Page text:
Saturday, July 07, 2007

Summorum Pontificum

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As many of you know, the pope has issued the long-awaited motu proprio "Summorum Pontificum" (Latin original here; English translation here) which will lift many of the former restrictions on the celebration of the classical version of the Roman liturgy which was in use prior to the Novus Ordo Missae promulgated by Pope Paul VI in 1969. The English translation of Benedict XVI's explanatory letter to bishops is here.

It is a glorious day for all who love the liturgy, a wonderful opportunity for a renewal of faith and devotion that all of us should endeavor to take advantage of. I am sure the blessings to the Latin church will spill over into the worship life of other churches as well. One thing that should get particular attention is the fact that the need for the liberalization of the older version of the rite has become more imperative because of the growing response of young generations to the classical rites. (Could the New Mass end up going the way of New Coke? If so, it won't happen right away; but over time, who knows?) Below, I have pulled some key quotes from the pope's explanatory letter.

It is not appropriate to speak of these two versions of the Roman Missal as if they were “two Rites”. Rather, it is a matter of a twofold use of one and the same rite.

. . . in many places celebrations were not faithful to the prescriptions of the new Missal, but the latter actually was understood as authorizing or even requiring creativity, which frequently led to deformations of the liturgy which were hard to bear. I am speaking from experience, since I too lived through that period with all its hopes and its confusion. And I have seen how arbitrary deformations of the liturgy caused deep pain to individuals totally rooted in the faith of the Church. . . .

Immediately after the Second Vatican Council it was presumed that requests for the use of the 1962 Missal would be limited to the older generation which had grown up with it, but in the meantime it has clearly been demonstrated that young persons too have discovered this liturgical form, felt its attraction and found in it a form of encounter with the Mystery of the Most Holy Eucharist, particularly suited to them. Thus the need has arisen for a clearer juridical regulation which had not been foreseen at the time of the 1988 Motu Proprio. The present Norms are also meant to free Bishops from constantly having to evaluate anew how they are to respond to various situations.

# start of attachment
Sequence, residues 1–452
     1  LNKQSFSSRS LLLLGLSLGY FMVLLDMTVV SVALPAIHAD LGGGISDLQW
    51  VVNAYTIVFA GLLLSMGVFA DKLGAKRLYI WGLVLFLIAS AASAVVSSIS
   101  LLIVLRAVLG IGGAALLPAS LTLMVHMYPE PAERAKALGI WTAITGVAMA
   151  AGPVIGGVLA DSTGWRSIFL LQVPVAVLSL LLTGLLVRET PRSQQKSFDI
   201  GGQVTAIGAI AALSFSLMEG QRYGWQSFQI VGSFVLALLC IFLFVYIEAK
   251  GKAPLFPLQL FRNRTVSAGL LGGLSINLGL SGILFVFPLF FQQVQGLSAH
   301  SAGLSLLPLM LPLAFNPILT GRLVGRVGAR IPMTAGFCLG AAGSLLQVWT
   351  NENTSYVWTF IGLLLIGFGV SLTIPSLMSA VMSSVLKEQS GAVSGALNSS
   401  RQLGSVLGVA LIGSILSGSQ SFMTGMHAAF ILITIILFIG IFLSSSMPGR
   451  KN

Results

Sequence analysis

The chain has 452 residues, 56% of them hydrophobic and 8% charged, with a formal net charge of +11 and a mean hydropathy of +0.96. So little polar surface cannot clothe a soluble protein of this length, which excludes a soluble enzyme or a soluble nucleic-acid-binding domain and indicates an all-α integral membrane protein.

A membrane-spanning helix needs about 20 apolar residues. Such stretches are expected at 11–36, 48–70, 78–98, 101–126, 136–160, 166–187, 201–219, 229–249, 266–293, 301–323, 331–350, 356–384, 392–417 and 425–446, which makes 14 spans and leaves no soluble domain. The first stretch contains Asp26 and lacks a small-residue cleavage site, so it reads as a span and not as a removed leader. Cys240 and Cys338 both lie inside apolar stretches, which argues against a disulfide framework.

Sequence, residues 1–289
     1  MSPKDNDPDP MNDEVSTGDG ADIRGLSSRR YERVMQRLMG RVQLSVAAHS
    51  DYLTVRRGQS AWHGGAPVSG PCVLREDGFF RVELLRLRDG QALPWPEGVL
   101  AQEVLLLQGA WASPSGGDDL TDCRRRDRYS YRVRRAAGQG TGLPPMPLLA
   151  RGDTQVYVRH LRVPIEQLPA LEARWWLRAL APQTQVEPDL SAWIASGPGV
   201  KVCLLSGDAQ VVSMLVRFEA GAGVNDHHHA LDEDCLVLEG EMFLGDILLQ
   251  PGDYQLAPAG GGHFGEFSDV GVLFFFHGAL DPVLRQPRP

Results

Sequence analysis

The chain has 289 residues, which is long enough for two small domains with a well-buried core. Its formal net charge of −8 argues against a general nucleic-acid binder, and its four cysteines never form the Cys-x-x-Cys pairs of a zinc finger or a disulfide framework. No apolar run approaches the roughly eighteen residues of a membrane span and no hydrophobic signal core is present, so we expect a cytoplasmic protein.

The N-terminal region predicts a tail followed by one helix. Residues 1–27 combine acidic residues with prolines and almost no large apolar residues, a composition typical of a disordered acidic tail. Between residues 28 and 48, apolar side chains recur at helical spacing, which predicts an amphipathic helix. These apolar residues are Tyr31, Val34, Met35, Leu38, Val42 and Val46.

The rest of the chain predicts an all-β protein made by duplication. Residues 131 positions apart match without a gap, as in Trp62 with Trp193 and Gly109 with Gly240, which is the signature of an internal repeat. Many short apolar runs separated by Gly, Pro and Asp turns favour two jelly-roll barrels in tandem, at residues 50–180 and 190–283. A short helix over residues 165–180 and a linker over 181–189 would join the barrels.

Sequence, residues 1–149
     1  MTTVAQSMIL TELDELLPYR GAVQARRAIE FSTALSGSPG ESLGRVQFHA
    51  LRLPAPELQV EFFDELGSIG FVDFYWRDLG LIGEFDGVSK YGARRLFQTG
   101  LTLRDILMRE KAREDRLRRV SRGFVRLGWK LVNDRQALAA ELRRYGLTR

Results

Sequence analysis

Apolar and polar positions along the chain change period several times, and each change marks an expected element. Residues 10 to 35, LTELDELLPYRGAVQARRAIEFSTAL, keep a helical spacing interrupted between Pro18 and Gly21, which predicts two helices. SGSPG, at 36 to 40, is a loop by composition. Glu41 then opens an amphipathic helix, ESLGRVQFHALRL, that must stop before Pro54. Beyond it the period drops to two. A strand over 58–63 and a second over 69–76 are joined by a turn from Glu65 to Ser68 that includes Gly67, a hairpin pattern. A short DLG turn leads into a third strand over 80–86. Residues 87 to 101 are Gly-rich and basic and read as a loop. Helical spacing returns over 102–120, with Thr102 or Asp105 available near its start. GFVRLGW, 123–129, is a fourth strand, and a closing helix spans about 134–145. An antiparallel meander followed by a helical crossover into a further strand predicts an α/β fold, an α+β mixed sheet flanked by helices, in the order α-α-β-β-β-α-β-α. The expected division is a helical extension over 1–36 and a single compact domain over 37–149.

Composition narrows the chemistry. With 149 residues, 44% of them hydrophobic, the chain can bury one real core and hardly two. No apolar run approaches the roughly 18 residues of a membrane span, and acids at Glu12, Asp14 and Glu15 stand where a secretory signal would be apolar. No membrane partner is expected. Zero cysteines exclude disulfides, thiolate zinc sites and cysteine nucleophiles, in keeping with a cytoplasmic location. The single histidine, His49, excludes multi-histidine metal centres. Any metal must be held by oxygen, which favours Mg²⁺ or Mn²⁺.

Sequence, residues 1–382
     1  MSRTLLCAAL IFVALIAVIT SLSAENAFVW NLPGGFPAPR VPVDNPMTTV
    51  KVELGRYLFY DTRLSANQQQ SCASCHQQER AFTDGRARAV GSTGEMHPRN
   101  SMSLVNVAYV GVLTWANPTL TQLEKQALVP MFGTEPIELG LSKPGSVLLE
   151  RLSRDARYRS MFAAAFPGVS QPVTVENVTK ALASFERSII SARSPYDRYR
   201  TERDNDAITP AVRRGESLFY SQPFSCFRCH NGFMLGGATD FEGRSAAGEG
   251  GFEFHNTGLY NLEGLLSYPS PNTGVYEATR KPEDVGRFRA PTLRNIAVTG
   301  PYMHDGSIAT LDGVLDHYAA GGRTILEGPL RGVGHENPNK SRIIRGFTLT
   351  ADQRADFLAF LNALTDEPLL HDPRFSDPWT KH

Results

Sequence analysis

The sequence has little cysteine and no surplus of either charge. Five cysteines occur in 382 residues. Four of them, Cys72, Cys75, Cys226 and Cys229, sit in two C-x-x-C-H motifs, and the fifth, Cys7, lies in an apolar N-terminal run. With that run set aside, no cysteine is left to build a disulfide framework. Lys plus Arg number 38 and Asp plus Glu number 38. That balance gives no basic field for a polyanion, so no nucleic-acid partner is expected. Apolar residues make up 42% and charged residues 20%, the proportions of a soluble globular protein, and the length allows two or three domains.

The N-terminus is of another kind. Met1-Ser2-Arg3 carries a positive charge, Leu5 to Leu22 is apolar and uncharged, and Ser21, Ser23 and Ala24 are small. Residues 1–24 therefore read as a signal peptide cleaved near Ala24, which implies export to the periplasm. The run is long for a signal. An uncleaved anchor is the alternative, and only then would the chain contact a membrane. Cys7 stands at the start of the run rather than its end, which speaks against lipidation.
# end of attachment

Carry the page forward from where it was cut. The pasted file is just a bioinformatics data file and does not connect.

. . . the two Forms of the usage of the Roman Rite can be mutually enriching: new Saints and some of the new Prefaces can and should be inserted in the old Missal. . . . The celebration of the Mass according to the Missal of Paul VI will be able to demonstrate, more powerfully than has been the case hitherto, the sacrality which attracts many people to the former usage. The most sure guarantee that the Missal of Paul VI can unite parish communities and be loved by them consists in its being celebrated with great reverence in harmony with the liturgical directives. This will bring out the spiritual richness and the theological depth of this Missal.

. . . I now come to the positive reason which motivated my decision to issue this Motu Proprio updating that of 1988. It is a matter of coming to an interior reconciliation in the heart of the Church. Looking back over the past, to the divisions which in the course of the centuries have rent the Body of Christ, one continually has the impression that, at critical moments when divisions were coming about, not enough was done by the Church’s leaders to maintain or regain reconciliation and unity. One has the impression that omissions on the part of the Church have had their share of blame for the fact that these divisions were able to harden. This glance at the past imposes an obligation on us today: to make every effort to unable for all those who truly desire unity to remain in that unity or to attain it anew. . . . Let us generously open our hearts and make room for everything that the faith itself allows.